Moving EDI data around the globe is old hat to most of the folks reading this ec-bp newsletter. Managing the connections and translations can get complex and picky when it comes to the details of the files and the changes that need to be incorporated into translators to make processes flow properly. For most EDI practitioners, their roles are fairly well defined and fit well with established concepts. But as mobile devices take over I think the line between what is EDI and what is associated with end user interaction is changing.
EDI is a significant source of big data. Of course that's no shock to anyone dealing with data storage or a VAN bill, but when you consider the volume of transactions and the number or companies involved, it would seem that there is a wealth of data in those transactions. The data now covers (depending on the trading partners) every aspect of the order process, from initial P.O. to final payment, with plenty of status updates along the way. So, what can be learned from all the data? It turns out that when looked at as an aggregate and put through the right analytical processes, there's plenty to be learned - and predicted.
Your supply chain is controlled by data. As that data flows between your company an your trading partners it tells a story. For most companies that story is the current state of events. It reflects the orders, shipments, product inventories, and even work in process. Once the current status has passed the data can largely be considered to have served its purpose. But there’s a lot more to be gained from looking at that data as well as the facts about the data (its metadata) that may help expand the reach and effectiveness of your supply chain activities.
It wasn’t long ago that Apple was lauded for it’s finesse in managing its supply chain. Getting its bazillions of iPhones from China to the US and everywhere else required some groundbreaking advances and a lot of tight controls. Those lessons have gone mainstream as the world took notice and of the company’s strategies and success. And partly because of that expansion, the supply chain now extends to areas as unexpected as social media.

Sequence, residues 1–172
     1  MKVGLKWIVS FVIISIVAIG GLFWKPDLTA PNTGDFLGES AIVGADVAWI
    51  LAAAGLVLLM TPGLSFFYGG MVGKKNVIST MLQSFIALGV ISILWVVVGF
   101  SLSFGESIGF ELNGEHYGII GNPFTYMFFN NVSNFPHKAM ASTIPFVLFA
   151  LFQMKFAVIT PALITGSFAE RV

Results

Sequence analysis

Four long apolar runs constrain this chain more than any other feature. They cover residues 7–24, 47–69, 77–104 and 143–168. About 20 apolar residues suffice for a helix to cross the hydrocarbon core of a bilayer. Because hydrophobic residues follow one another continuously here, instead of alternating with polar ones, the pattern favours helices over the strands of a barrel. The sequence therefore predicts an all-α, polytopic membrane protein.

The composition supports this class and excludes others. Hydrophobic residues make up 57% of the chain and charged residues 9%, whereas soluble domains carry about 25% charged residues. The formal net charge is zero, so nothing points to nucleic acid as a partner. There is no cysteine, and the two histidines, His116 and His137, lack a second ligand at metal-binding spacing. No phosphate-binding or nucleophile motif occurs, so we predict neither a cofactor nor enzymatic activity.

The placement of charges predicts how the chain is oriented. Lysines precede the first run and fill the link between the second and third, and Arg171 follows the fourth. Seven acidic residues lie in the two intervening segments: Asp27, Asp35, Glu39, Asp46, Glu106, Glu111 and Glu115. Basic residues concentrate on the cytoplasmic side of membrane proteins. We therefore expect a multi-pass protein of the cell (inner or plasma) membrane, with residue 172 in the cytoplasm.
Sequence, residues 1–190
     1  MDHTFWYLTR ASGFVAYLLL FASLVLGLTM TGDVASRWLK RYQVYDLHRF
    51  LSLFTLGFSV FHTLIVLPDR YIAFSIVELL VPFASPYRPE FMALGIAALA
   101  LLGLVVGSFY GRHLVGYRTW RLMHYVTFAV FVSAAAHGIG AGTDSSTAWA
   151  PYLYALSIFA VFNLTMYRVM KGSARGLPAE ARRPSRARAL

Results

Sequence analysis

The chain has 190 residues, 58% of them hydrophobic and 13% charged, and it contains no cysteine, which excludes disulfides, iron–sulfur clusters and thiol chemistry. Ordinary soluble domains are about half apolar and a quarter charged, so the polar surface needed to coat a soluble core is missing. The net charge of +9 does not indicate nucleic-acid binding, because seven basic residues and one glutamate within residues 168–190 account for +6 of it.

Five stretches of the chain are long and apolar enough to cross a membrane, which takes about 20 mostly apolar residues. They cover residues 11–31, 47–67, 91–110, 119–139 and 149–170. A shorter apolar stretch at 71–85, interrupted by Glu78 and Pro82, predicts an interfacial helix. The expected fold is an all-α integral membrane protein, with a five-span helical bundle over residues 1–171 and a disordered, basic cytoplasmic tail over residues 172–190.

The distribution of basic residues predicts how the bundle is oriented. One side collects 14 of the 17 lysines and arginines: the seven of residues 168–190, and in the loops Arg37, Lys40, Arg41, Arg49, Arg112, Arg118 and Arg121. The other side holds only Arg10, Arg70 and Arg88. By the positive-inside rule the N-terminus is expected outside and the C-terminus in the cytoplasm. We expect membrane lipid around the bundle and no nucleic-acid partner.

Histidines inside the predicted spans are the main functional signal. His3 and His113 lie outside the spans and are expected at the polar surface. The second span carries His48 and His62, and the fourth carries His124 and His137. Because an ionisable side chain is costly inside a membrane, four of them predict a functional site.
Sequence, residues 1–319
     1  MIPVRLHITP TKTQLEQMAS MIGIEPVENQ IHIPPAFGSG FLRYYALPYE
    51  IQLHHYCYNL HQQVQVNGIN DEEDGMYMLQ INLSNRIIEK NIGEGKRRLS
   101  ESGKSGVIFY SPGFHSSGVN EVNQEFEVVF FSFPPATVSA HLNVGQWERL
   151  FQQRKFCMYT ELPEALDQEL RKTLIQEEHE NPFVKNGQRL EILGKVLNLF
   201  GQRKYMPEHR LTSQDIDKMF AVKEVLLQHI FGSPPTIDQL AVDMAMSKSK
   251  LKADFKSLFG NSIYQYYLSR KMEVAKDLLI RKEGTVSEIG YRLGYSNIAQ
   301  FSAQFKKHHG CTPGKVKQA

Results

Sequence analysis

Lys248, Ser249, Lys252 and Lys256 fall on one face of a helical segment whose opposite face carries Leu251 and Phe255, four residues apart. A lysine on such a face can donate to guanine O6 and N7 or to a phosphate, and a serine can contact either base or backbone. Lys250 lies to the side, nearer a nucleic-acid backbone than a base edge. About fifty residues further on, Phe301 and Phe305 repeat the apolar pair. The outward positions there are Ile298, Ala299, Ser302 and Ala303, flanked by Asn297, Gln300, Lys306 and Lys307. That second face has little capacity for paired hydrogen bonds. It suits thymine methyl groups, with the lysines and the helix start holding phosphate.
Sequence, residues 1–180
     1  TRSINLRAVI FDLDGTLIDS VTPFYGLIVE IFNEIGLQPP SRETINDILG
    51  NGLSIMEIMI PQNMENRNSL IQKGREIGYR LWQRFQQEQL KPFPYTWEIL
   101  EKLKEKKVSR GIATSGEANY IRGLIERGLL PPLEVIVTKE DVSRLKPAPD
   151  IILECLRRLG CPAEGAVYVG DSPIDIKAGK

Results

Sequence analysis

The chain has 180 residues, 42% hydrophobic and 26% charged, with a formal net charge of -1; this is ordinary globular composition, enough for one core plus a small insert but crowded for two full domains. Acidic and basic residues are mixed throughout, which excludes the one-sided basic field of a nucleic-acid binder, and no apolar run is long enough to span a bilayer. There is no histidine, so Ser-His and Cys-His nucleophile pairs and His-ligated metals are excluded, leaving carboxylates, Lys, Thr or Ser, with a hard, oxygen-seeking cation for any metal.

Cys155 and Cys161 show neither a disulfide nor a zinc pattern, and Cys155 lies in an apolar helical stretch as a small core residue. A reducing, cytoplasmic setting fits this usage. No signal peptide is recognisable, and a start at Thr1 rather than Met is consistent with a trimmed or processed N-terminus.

I was considering writing an article about which company will be most disruptive to supply chains over the next few years, when lo and behold what pulls into my driveway but an Amazon-branded panel truck delivering a drill I ordered a couple days ago. Is that fate or what? At the very top of my list in the ‘Disrupter Hall of Fame’ would undoubtedly be Amazon, and their recent moves in logistics represent yet another supply chain area that ought to be preparing itself for disruption from this ecommerce giant.
Retail drives a big portion of the EDI traffic along the supply chain. Whether it’s online retail or brick and mortar retail, the issues are the same. But let’s face it… sometimes it’s just easier to find the product you’re looking for by using a search engine online rather than wandering aimlessly through the aisles of a big box store. Increasingly, retailers are supplementing the in-store experience with apps on shoppers’ mobile devices.
There are plenty of social networks beyond Facebook. Twitter, Google+, Linkedin, and Pinterest have made themselves useful but haven’t been able to gain the traction of Facebook. But Facebook is gaining a reputation as ‘grandpa’s’ network as it becomes almost a public utility. The younger population that was responsible for popularizing the site is moving to newer systems like Snapchat, Kik Messenger, oOVoo, WhatsApp, Vine, Tinder, and others that specialize in fast paced interactions.
Let’s have some fun with math. What EDI translator does your company use? For that matter, what ERP, 3PL, or other service is on your short list? Next, how many trading partners do you have? And finally, what EDI, ERP, and other electronic systems do they use? It doesn’t really matter whether you have the answers to these questions. What you would get even if you use the smallest estimates available is a very large number of permutations. How is it possible then to maintain compatibility and also keep up with the accelerated pace of today’s supply chain?
The cloud and its advantages are everywhere, right? Every mobile device and every consumer web service is based on cloud technologies. Every day startups take to the cloud, building new applications, hosting data and services in publicly available storage sites and moving data between local storage in the office and inexpensive hosting. But even with all this activity and concentration on the benefits of cloud based environments a frighteningly small percentage of B2B transactions move electronically.
Omni-channel has become a dated term. In this age of digital information available anytime and anywhere there are precious few shopping decisions being made without fact based information. A MasterCard report from 2015 shows that 8 out of 10 purchases made by retail shoppers are informed by some kind of digital information. With 80 percent of purchase decisions influenced by shopper research, their decisions about just where to buy is likely to come down to convenience and timing rather than loyalty. Omni-channel shopping is now just plain shopping.